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Old May 2nd, 2013, 11:35 PM
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sugarcatmom sugarcatmom is offline
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Quote:
Originally Posted by dbg10 View Post
I am wondering about his calcium level though and adding calcium carbonate to his diet. It seemed in the upper range of normal and I wouldn't want to push it higher with his diet. What do you think SCM?
There is that potential, so something to keep in mind for sure. From Tanya's CRF page: http://www.felinecrf.org/phosphorus.htm#calcium_binders

Quote:
Calcium-Based Binders
  • Calcium Acetate
  • Calcium Carbonate
  • Ipakitine/Epakitin
  • Renal

Sometimes your vet will recommend using a calcium-based antacid such as Tums or PhosLo as a phosphorus binder. These are not an ideal choice because:
  • these binders are not as effective as binders containing aluminium hydroxide;
  • they may make your cat's calcium levels rise too high (hypercalcaemia).
Hypercalcaemia in cats (2001), a paper by Dr Chew presented to the World Small Animal Veterinary Association World Congress 2001 mentions that using calcium-based binders may cause hypercalcaemia. Thus, if you are using a calcium-based binder, frequent monitoring of blood calcium levels is essential. You should not use a calcium-based binder if your cat is taking calcitriol.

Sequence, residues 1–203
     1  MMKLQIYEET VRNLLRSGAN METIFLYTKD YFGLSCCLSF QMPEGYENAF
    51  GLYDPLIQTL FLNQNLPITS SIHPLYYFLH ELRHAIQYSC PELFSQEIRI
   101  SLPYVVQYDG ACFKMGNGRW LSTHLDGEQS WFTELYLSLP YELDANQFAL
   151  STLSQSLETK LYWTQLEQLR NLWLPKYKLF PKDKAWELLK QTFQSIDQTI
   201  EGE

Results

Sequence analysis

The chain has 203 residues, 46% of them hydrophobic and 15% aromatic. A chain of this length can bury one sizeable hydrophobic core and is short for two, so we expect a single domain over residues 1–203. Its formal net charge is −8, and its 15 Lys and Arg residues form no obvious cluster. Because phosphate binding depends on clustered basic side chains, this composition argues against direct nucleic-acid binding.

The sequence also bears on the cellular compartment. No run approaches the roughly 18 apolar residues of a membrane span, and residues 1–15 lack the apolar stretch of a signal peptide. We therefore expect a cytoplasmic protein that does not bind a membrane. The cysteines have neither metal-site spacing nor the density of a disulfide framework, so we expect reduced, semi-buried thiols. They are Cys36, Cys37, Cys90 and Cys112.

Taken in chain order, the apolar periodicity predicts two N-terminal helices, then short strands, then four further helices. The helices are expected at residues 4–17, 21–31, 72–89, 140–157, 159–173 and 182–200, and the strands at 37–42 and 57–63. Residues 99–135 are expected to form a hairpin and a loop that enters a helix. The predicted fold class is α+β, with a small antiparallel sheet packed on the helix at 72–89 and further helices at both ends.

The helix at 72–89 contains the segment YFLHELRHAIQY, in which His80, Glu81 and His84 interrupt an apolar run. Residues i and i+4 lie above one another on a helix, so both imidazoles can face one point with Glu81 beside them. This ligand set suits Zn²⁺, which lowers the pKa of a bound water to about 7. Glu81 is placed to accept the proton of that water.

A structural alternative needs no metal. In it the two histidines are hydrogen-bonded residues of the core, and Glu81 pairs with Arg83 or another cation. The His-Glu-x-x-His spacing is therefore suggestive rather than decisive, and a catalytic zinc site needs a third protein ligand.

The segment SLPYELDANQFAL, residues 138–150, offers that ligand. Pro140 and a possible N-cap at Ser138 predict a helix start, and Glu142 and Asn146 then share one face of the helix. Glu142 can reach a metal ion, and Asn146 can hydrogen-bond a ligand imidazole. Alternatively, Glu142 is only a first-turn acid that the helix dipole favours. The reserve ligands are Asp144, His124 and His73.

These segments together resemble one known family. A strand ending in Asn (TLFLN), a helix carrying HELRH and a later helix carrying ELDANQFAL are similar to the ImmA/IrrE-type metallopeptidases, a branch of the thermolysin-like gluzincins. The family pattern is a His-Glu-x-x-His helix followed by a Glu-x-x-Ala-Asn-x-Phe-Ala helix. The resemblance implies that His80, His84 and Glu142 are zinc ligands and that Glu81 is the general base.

Quote:
Originally Posted by dbg10 View Post
growler can you please tell me how large the Azodyl capsules are?
If you scroll down a bit, there's a pic of the 2 sizes of caps available next to a quarter for comparison: http://www.felinecrf.org/treatments_...ion.htm#azodyl

Quote:
Originally Posted by dbg10 View Post
I also intend to call the vet tomorrow and ask why she thought he needed a phosphorus binder when his phosphorus is not elevated.
After reading more on Tanya's page about the similar product Epakitin, perhaps it's more for chitosan's supposed uremic-toxin absorbing capabilities than for the phosphorus binding factor. http://www.felinecrf.org/treatments_...ipakitine_what
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